I recently worked with a couple of customers on a fairly extensive study that compared large (5,000+ seat) departments, some of whom were homogeneous on the desktop, and others who, for operational reasons, were mixed-OS (the mix was often Windows versions, not necessarily non-Windows machines). Support cost difference between them? Zero.
We did find a massive difference between the homogeneous environments and the non-homogeneous ones. Let’s call them the “Samers” (all running one client OS of a single version), and the “Differs” (running a mix of operating systems and versions). That difference: The Differs could incorporate new technologies into their environment massively faster, with less disruption. They were more flexible. Having accepted the need to be Differs, they’d put tools, processes, and training in place to accommodate that need. Their IT folks were generally fearless of new technology; the Samers tended to argue against new technology as much as possible, holding to the “one” thing the were used to.
Take a population of cats, inbreed them enough, and you’ll start getting sick cats. Let them mingle with other populations, and you get genetic diversity that makes them stronger, healthier, and all that. It’s well-known – but it turns out the concept applies to IT as well.
IT teams that thrive on technical diversity are, quite simply, better IT teams. Natural selection ensures that those teams don’t include many less-than-talented people, because you have to be smart just to get by every single day. They spend more time formalizing processes, patterns, and tools that help them manage a diverse environment – so when the CIO wants to bring in some wacky new thing to support a business need, they just shrug and get on it.
This isn’t, of course, saying that everyone who works in a Samer environment is stupid and lazy – but Samer environments allow you to be so, if you’re of a mind. A lot of Samer environments can be so unchallenging (which is the point of homogeny, remember) that the really talented folks get bored and leave before long. It’s tougher to “keep up” in a Samer environment, because you’re just not exposed to much. You’re challenged less.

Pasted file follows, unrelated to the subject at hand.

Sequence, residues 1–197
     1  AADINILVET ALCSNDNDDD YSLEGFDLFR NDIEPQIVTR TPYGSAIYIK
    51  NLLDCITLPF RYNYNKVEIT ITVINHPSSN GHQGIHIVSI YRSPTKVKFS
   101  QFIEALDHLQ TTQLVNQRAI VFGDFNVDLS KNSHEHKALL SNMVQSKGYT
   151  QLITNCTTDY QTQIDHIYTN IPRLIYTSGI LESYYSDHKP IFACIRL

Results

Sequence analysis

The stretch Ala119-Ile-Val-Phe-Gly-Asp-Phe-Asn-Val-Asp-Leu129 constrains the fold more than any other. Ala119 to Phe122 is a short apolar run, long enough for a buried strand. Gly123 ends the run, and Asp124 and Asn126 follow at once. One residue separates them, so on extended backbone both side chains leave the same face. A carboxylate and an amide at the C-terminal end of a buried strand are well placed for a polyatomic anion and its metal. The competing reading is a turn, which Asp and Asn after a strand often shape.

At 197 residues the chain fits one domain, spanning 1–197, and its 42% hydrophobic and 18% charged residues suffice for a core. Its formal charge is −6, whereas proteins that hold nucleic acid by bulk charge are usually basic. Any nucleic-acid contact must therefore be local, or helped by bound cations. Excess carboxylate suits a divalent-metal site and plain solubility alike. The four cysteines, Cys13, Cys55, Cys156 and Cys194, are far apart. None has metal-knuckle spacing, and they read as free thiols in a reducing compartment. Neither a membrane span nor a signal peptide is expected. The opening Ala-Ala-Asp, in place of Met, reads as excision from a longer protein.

Differ environments also, I believe, have fewer IT-related political issues. They tend to concentrate more on using technology the way it was meant to be used, because they’re already challenged by the diversity they have to manage. That means technology isn’t held up (as much) by the squishiness of fiefdoms and other political crap that takes place in corporations.
When working with Differs, I find that the end users are often a bit more flexible, too. One company, for example, ditched mapped drives a decade ago. They stood up a DFS tree and made everyone memorize friendly UNCs instead of drive letters. Everyone complained for a minute, and then moved on. Why did they do it? They’d brought in a bunch of Unix boxes to do graphics rendering, and those machines don’t really do mapped drives the way Windows does (drive letters have, after all, been ridiculous for almost 20 years now). So rather than maintaining two sets of standards and processes, they changed the processes to accommodate the different technologies. They didn’t struggle to jury-rig drive mappings onto Unix – they just walked away from what was, to them, an outdated and single-platform concept. Both Windows and Unix treat UNCs the same, so they went that way.
So, what kind of environment do you work in – Samer or Differ? And what kind would you prefer to work in, if you could work anyplace? And how many of your “technology” problems would go away if you worked in an environment where processes, concepts, and users could change to better fit the way the technology works?